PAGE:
Friday, January 14, 2011

Hessa nafella

I have a colleague who moved here from Canada in October. She's a single female. I know, before I moved here, I had no idea it as possible to live in the Kingdom as a single female and not go crazy. But she is really flourishing. The fact that she's a great teacher and can adapt to her surroundings like a chameleon certainly doesn't hurt.

Anyway, because she can't go anywhere without a chaperon, she organized an extra curricular field trip for her Senior students to a town about 2 hours south of where we are. It was a town she wanted to see, and a town not many of the girls had been to, so it was a win-win. I tagged along, and so did our English cluster secretary that I love so much and another English cluster colleague. We had so much fun! I had no idea that so much history was so close to where we're living, and I learned a lot about the history of Saudi Arabia. Plus I got to hang out with a group of fantastic women and, thanks to our cluster secretary, I learned a lot more Arabic words!

Here are some photos from the day:

A great example of Arab hospitality: the mother of one of the girls made sandwiches for everyone! These were some sort of pink bread with filafel inside. YUM!!

Our first stop was the Ibrahim Castle in Al-Ahsa. It was really a fort, and it was where the first King Saud launch is efforts to unify the tribes and create Saudi Arabia. This is the outside of the mosque that's in the fort.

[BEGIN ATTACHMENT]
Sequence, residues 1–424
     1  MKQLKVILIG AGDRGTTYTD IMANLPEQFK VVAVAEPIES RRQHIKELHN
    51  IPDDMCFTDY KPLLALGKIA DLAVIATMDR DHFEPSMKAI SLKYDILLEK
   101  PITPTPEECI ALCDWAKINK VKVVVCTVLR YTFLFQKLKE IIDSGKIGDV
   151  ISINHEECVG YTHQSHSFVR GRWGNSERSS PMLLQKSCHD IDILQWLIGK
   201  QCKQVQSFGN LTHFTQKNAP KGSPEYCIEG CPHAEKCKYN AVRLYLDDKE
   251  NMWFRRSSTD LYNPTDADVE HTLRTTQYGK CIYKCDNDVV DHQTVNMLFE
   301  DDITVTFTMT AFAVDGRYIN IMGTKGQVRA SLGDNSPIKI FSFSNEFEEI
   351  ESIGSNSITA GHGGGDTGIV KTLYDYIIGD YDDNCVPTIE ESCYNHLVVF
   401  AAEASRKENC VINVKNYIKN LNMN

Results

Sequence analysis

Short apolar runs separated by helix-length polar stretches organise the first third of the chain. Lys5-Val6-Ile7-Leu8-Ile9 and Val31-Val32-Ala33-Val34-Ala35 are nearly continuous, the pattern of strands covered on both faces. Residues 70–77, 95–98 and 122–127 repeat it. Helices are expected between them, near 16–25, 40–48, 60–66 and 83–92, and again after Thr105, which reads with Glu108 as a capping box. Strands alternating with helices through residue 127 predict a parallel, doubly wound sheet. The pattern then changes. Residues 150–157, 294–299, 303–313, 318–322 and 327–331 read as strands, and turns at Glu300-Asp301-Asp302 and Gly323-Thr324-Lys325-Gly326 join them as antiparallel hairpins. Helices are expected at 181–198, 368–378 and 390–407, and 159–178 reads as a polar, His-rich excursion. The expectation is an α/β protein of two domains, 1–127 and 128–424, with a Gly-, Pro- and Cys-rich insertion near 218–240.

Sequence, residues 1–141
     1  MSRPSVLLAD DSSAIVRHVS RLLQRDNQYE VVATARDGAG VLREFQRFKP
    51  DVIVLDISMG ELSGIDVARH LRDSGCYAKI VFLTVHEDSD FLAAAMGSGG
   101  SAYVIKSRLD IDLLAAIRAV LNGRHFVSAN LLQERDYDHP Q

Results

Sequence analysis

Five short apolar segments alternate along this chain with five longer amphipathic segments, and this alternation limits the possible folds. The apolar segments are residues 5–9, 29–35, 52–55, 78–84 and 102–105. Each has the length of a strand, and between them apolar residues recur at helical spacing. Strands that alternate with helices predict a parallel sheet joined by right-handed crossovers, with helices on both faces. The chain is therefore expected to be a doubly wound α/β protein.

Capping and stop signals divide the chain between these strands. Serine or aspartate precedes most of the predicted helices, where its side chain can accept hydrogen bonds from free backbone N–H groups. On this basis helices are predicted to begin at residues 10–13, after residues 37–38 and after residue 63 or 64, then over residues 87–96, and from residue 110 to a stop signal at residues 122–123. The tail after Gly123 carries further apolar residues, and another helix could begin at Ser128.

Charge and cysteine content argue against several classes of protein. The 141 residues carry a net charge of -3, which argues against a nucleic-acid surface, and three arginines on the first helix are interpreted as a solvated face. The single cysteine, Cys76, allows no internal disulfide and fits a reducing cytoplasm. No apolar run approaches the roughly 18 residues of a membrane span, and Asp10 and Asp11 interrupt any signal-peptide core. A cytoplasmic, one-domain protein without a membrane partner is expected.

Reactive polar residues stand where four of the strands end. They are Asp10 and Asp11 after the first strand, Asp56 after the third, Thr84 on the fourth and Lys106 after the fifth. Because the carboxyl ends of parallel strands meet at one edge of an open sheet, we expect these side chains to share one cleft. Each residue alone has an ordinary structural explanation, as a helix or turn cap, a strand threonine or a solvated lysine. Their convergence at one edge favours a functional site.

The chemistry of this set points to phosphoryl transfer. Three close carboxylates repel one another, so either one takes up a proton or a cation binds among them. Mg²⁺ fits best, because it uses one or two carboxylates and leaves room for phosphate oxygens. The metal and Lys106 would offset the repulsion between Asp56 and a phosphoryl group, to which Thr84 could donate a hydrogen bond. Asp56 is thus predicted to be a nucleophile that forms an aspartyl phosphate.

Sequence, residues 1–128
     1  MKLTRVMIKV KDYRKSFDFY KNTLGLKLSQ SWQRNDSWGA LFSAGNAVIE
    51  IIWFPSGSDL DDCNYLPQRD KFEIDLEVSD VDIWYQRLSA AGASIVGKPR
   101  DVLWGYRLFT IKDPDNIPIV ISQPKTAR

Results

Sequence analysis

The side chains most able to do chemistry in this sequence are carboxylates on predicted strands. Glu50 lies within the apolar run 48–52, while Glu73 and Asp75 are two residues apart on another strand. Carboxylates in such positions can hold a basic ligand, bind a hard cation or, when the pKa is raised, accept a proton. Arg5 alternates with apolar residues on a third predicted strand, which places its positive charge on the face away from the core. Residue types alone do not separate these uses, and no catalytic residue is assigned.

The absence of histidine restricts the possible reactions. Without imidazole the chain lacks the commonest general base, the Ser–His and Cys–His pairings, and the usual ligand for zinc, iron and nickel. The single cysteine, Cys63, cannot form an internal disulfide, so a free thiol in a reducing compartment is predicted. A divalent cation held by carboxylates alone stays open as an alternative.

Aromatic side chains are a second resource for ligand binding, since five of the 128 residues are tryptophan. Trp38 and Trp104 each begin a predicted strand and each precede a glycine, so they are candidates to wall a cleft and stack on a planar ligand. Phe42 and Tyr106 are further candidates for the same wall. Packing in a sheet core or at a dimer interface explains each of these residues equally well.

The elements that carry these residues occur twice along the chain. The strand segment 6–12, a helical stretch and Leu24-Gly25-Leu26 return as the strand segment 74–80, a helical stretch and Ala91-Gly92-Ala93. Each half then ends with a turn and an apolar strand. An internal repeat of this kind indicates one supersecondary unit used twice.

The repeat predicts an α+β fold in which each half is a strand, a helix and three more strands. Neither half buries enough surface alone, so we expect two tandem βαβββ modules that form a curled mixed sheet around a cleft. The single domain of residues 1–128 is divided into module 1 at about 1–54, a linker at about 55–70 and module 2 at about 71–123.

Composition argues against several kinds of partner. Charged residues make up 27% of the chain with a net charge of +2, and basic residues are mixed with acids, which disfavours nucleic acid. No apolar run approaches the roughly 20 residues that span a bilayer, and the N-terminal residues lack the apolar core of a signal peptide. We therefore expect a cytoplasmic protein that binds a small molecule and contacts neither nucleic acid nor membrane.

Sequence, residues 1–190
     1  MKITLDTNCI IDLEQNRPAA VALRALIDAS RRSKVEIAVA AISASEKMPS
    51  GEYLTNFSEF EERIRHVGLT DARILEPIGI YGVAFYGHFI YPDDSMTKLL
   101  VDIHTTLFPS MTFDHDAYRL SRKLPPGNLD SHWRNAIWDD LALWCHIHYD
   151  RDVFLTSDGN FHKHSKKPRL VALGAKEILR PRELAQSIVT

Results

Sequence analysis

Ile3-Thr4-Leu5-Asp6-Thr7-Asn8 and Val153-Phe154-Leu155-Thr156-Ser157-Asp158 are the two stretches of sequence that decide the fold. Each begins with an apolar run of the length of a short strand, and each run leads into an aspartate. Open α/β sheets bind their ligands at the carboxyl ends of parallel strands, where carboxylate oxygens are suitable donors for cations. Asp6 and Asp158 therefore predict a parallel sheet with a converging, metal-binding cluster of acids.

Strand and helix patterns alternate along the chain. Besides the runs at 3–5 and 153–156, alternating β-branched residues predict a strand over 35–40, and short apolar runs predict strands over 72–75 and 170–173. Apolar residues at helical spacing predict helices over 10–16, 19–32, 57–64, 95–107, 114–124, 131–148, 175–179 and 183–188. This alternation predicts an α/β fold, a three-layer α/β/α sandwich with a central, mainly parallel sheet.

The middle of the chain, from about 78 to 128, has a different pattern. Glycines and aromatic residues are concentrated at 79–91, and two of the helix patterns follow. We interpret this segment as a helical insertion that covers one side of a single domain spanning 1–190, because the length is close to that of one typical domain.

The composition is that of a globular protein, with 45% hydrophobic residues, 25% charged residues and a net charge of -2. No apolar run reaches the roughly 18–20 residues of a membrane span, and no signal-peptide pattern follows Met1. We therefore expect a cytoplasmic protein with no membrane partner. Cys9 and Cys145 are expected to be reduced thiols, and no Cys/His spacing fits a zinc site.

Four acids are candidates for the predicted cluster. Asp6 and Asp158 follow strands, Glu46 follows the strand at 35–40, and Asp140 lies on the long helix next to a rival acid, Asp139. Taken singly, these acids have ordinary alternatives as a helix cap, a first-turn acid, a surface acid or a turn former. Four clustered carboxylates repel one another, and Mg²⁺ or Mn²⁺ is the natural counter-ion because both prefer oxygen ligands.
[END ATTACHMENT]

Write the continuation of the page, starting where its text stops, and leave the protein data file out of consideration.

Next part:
The fort was beautifully restored. The ceilings were palm tree trunks!

This was our guide at the fort. He was a nice Saudi man who didn't speak much English, so one of the girls had to translate his schpeal on the history of the fort. As we were leaving he said to me, "I thought you were Arab! You looked at me like you knew what I was saying!" Yess! Good listening etiquette win!

The mosque at the fort. The fort is 500 years old, and I believe the mosque was built at the same time as the fort. It was really beautiful.

Then we went to the Al-Mulla house in the "Old Kout" part of town. I had to get a picture of the sign!

This is the bed where the first King Saud slept the night before he pushed the Turks out of Al-Ahsa.

A secret room in the Al-Mulla house where the men hid their rifles in case of a sneak attack.

After a stop at the first school built in Al-Ahsa (photos on FB), we went to the Jawatha Mosque. It was built in 648 AD (7 AH). It was the second mosque in the world where the Friday prayers were performed. I wasn't exactly sure of the significance of this, but the girls told me that it is a big deal.

Then we went to a pottery place. It was such an odd, house-turned-maze-turned-storefront. This picture was taken after I wandered my way through a few "stores" that looked like houses. I went out the back door, and this is what I was greeted with!

Then we went to a dairy farm. For a lot of the girls, this was their first time being on a farm, and for some of them the first time seeing cows up close. The farm had this genius observation room where we could oversee the milking process instead of having to be on the ground in the stink. (the reason their abayas look so dirty is because we had just come from a park in the mountains where we went into these great canyons. Almost all of my pictures were of the girls, so that's why there aren't any posted here)

Our view.

The girls got to touch a cow for the first time.

Then we went to the farm's bottling factory. Because Sandra and I didn't wear the hijab, we had to wear the hair nets. We were tempted to use them as our hijab for the rest of the trip.

It was a really great time. The girls kept saying how grateful they were to have gotten the chance to go on this trip, but I think the grown-ups enjoyed even more than the kids.

Vicariously yours,

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